This trip was a powerful lesson in the value of slowing the pace.
'We're spending our childrens' inheritance' and why not? When younger, we traveled like students, the way we first traveled. Rochelle and my daughters traveled for 10 months around the Pacific Rim on $30 a day each including all transport. In our late seventies, that's simply not on our agenda; it's more like $130 on an inexpensive day, excluding transport. Sure, everything's more expensive in 2023 than in 1990, but the calculus has changed: our older bodies aren't able to sustain the inconveniences and exertions of budget travel. (It's an open question whether our eldering spirits can handle the indignities mentioned above.)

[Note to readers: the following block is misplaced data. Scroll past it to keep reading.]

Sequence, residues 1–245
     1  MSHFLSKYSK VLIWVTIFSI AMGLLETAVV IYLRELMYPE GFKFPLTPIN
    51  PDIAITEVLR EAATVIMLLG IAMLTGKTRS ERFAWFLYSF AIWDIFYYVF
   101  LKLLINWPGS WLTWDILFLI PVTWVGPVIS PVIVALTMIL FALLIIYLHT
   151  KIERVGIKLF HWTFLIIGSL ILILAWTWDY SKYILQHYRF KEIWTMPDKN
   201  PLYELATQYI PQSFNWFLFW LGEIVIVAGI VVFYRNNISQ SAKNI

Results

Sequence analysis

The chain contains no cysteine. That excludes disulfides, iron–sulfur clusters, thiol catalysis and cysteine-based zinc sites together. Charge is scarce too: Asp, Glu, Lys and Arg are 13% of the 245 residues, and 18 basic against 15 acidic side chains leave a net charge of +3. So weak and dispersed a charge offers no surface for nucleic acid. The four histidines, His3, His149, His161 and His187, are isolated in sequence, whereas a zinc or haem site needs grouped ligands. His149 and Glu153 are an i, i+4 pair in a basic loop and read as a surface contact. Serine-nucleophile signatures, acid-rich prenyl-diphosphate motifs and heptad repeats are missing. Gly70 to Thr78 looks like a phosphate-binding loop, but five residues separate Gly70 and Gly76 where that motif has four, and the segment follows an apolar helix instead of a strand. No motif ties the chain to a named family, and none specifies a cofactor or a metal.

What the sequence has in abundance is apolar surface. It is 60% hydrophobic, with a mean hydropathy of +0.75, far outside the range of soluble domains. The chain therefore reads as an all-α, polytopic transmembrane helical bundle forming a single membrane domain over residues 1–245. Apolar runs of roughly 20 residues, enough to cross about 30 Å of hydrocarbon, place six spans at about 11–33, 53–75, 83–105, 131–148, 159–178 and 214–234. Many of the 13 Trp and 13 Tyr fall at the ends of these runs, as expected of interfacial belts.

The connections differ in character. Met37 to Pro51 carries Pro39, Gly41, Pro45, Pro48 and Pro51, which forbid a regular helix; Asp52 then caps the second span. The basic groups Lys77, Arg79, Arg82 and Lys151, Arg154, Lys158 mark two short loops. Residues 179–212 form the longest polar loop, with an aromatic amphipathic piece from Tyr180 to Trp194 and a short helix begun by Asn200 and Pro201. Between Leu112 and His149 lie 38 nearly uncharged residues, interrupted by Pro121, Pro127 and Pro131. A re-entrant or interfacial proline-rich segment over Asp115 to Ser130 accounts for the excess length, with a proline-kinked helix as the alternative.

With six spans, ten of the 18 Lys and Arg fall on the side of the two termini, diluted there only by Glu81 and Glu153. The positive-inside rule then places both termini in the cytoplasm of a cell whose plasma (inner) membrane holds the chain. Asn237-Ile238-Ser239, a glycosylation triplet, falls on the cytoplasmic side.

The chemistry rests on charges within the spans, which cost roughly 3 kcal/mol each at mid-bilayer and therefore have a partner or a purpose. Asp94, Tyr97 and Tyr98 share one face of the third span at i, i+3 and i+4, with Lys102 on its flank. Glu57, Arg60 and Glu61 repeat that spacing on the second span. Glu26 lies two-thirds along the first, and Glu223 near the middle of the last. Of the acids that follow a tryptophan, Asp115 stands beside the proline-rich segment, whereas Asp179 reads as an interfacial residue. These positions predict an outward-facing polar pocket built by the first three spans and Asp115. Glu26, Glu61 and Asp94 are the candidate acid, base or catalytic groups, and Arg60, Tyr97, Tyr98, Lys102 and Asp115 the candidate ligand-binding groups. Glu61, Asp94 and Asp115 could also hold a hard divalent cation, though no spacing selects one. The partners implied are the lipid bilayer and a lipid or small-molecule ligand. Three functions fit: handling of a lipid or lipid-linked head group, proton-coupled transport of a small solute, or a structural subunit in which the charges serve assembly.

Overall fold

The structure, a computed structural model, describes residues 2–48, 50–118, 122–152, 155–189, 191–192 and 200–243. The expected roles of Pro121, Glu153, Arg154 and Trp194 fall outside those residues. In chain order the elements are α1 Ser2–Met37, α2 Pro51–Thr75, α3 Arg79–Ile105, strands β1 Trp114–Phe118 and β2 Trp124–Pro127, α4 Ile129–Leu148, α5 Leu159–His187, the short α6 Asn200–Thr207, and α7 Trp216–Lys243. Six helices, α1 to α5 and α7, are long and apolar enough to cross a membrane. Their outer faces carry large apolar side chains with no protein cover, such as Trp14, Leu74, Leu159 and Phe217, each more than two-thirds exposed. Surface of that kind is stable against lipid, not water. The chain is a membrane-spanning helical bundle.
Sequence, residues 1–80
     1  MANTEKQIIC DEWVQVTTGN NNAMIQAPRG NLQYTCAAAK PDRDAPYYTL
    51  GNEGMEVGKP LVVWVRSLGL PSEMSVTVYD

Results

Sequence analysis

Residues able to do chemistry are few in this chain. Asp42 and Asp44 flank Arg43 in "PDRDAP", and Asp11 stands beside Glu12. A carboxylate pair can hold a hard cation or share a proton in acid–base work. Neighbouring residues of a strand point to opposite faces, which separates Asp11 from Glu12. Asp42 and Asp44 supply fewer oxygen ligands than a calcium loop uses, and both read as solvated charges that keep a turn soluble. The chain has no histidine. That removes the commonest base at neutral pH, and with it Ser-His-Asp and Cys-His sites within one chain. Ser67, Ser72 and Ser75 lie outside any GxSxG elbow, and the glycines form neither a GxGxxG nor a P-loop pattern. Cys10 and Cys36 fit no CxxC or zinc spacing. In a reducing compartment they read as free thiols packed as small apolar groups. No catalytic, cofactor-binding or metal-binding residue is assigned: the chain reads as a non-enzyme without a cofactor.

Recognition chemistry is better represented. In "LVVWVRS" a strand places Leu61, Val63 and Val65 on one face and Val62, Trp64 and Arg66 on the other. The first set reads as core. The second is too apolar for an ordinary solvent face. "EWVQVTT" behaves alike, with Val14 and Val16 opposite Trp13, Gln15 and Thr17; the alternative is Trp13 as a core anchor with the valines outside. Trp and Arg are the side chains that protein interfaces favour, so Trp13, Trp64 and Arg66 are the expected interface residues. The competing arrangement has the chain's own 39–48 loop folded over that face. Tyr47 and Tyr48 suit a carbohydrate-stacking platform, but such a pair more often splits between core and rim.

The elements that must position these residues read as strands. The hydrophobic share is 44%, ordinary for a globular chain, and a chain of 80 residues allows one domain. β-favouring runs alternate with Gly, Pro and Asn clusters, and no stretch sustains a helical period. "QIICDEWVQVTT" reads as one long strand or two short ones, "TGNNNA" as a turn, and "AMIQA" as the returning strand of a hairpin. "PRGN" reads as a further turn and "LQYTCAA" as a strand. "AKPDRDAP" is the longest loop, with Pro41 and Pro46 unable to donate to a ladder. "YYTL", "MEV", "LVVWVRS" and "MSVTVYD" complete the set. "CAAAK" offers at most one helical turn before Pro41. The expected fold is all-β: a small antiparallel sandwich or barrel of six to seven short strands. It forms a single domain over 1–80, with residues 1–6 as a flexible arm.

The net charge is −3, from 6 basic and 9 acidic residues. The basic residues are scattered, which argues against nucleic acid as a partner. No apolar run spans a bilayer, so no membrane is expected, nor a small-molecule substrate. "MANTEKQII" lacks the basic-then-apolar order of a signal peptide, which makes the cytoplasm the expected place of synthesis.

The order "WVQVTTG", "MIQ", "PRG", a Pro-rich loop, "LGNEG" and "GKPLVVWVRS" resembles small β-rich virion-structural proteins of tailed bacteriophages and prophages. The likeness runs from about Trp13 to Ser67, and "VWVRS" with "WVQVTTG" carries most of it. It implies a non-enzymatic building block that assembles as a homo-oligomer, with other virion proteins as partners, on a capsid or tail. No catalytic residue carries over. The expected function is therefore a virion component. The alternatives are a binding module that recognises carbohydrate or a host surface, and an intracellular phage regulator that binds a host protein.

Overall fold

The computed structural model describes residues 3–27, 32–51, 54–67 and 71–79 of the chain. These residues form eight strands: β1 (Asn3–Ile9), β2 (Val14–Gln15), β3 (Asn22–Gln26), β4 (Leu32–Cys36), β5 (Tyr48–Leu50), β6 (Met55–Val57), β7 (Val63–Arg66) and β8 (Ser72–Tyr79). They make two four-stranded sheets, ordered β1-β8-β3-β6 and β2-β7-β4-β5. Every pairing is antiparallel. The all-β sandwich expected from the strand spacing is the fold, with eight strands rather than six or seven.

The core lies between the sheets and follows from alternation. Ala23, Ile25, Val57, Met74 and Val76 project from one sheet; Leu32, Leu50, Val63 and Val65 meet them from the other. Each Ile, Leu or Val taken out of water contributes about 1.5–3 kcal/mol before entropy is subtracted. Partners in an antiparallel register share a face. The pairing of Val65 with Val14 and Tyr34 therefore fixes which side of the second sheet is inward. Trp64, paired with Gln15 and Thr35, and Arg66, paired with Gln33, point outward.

You might notice that when enumerating the inhumanity of air travel, I didn't mention flying: it's actually pretty cool. Sure, the seats are tiny and the person behind you kicking the seat while coughing should be put in jail, but getting from YVR (Vancouver International) to SFO (San Francisco International) in one hour and firty-six minutes is a small miracle.
Never mind that it's not 'sustainable.' More about that next.
IF we intend to assert our membership among the global 6% or so and travel to faraway places, we need to spend enough to stay healthy and as happy as possible under trying circumstances, reminding ourselves as every C-note peels away that we can't take it with us, our offspring wiuld only spend it, and so we would do just as well either to stay home or travel in as much luxury as we can stand.